Navigating Court Closures During the Pandemic
Massachusetts' Bar Association president shares advice and resources for attorneys
Published in 2020 Massachusetts Super Lawyers magazine
By Katrina Styx on April 10, 2020
John J. Morrissey is a founding partner of Morrissey, Wilson & Zafiropoulos in Braintree, Mass., as well as the president of the Massachusetts Bar Association. We recently spoke with him about how the COVID-19 pandemic response is impacting Massachusetts courts and legal cases.
How is COVID-19 affecting Massachusetts courts?
Massachusetts courts are generally open and available for in person appearances only for emergencies that cannot be handled electronically, by telephone or by video conferencing. Appearances are further subject to safety protocols. The courts are addressing nonemergency matters remotely as circumstances and resources will allow.
How is this impacting case schedules and filing deadlines? Are attorneys still able to work their cases?
COVID-19 has delayed case schedules because the courts have been forced to limit in-person appearances to emergency matters. The courts have issued a series of orders extending filing deadlines and providing other accommodations to minimize the impact of COVID-19 and allow attorneys to continue to work on their cases, but delay is unavoidable. The ability of attorneys to work on their cases during the crisis is also dependent on their ability to work remotely and access to technology.
I am the president of the Massachusetts Bar Association and we formed a task force to address the impact of COVID-19 on the legal community and the people we serve. The task force created the COVID-19 webpage as resource for attorneys during the COVID-19 crisis. The webpage includes information about the court procedures during the crisis, access to resources for lawyers and law firms to assist them in working remotely during the crisis, and MBA webinars and on demand programing.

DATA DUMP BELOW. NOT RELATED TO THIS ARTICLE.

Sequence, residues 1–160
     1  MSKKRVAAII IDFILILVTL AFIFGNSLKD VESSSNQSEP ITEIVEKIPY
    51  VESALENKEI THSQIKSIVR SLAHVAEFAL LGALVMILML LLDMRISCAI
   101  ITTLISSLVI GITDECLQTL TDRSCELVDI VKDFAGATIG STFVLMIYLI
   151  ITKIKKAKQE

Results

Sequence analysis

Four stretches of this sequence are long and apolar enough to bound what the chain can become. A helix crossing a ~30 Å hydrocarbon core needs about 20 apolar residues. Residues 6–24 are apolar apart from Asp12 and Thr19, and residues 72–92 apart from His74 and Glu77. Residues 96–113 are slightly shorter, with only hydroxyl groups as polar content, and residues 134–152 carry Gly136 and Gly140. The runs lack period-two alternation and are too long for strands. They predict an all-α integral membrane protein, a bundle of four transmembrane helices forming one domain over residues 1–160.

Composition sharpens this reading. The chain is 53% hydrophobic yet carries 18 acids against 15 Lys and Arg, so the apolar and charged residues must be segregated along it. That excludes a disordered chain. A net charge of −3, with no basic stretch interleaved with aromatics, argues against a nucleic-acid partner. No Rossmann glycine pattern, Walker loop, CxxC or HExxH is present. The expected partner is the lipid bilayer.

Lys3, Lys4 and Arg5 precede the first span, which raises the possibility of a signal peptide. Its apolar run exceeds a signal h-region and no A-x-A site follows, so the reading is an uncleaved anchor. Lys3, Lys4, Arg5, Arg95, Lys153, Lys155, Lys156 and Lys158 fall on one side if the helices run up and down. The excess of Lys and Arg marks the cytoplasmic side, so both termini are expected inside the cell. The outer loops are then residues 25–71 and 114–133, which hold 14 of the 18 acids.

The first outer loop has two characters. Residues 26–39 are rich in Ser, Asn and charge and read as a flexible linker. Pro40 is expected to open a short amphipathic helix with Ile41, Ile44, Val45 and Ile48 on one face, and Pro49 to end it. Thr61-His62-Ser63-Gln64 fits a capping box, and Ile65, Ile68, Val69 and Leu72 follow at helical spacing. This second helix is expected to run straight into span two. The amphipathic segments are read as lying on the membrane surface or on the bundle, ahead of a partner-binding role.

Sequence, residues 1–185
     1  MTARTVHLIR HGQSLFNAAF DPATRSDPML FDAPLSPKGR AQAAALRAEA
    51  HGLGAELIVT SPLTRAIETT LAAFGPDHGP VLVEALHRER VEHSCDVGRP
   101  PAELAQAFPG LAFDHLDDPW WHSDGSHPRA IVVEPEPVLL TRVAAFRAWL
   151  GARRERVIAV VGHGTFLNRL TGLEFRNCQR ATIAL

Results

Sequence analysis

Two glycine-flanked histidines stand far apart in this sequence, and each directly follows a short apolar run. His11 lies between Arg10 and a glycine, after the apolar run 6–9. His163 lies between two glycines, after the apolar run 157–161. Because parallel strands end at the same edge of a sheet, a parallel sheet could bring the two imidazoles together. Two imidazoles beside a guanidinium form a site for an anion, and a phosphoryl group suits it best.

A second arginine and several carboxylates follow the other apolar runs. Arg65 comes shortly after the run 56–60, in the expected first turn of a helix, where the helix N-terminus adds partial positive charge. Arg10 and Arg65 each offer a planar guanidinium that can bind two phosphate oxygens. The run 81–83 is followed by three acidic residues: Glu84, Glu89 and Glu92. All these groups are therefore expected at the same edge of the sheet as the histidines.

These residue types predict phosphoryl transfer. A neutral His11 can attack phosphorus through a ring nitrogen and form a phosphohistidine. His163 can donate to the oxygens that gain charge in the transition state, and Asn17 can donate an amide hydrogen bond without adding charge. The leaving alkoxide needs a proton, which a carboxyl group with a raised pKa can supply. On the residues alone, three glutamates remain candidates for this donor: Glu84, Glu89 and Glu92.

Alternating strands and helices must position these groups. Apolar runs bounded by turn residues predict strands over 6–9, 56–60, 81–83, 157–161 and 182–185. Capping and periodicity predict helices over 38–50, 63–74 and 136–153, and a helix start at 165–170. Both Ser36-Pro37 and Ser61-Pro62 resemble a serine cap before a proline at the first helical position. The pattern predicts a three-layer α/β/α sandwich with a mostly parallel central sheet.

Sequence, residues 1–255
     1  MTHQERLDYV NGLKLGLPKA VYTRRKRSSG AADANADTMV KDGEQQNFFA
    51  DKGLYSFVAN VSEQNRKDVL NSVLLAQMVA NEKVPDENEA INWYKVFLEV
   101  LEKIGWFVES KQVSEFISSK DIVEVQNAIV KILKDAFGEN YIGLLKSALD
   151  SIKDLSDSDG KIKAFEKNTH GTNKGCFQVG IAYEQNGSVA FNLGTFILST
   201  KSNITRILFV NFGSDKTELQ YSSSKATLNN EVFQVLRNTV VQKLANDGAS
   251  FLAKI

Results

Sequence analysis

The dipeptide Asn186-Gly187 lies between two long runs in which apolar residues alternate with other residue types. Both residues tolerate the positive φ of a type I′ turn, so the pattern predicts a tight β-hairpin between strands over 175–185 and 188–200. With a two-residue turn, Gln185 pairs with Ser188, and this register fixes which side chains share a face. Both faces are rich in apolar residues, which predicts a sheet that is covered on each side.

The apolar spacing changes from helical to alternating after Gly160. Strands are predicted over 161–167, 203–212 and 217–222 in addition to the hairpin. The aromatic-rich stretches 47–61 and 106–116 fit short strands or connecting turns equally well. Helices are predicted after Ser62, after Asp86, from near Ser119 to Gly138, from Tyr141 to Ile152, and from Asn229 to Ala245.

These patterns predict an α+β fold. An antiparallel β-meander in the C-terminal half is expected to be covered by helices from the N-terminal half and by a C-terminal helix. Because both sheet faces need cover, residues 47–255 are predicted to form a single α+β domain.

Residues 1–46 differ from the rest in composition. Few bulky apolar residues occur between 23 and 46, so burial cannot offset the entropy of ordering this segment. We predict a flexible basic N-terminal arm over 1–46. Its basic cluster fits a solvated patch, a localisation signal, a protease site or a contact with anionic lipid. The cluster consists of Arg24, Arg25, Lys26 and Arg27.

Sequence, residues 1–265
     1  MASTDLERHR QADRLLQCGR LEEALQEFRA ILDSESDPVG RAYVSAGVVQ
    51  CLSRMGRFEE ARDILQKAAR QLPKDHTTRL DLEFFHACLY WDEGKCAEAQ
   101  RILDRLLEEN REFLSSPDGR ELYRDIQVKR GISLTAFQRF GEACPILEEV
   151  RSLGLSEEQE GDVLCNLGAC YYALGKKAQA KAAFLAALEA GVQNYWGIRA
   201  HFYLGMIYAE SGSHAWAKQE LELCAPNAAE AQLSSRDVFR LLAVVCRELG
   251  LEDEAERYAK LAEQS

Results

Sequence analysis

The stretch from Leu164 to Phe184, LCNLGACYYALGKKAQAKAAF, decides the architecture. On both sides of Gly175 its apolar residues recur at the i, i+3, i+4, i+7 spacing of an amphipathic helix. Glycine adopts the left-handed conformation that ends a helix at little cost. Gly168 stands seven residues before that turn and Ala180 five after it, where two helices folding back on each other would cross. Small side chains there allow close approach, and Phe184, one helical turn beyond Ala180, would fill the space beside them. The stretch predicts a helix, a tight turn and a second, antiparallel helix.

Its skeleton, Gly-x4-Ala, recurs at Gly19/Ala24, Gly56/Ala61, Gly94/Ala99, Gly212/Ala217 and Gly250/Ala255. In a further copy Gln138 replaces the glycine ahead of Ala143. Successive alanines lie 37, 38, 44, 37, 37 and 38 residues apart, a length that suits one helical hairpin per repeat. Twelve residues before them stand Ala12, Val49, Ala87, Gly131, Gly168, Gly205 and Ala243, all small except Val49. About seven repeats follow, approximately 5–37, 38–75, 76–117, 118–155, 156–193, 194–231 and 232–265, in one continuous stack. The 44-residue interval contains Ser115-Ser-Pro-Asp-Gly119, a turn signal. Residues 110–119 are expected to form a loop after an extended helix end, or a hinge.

Are there certain types of cases that are affected more than others?
Any case or matter that requires the immediate attention and resources of the courts have felt the greatest impact.
What has been the biggest challenge for you, in your own practice?
I consider myself extremely fortunate because my family is healthy. I am also equipped to work remotely as necessary, but the delays created by COVID-19 limiting access to the courts has had a significant impact on my clients. I represent people that have been seriously injured or killed in accidents and while working. Many of my clients are in desperate need of medical treatment and lost wage benefits and the only way for my clients to access medical care and lost wages is through the courts. The delays imposed by COVID-19 is causing real hardship to my clients.
What advice do you have for other attorneys navigating court closures?
It is important for attorneys to know they are not alone in dealing with the COVID-19 crisis and there are resources available to help them navigate the challenges of working remotely and accessing the courts. The MBA has been in close contact with the judiciary during the crisis and the MBA COVID Response Task Force provides alerts of court orders affecting access to the courts to our members; if our members have any specific questions, the webpage provides a portal to submit those questions directly to the task force and we will do our best to answer them.
Any other thoughts?
I think it is vitally important for lawyers to remember during the crisis to pay attention to their own well-being. The practice of law is very stressful in ordinary times, but COVID-19 has increased the level of stress exponentially. We all need to be aware of this stress and the impact it can have on our health and well-being. I would encourage lawyers to pay attention to this stress and look for healthy ways to deal with it. The MBA COVID Response Task Force has also provided resources for attorney health and well-being.
For more information and articles for legal professionals navigating COVID-19 as it relates to their law practice and clients, visit FindLaw’s COVID-19 resource center or visit superlawyers.com/articles (search for COVID-19).
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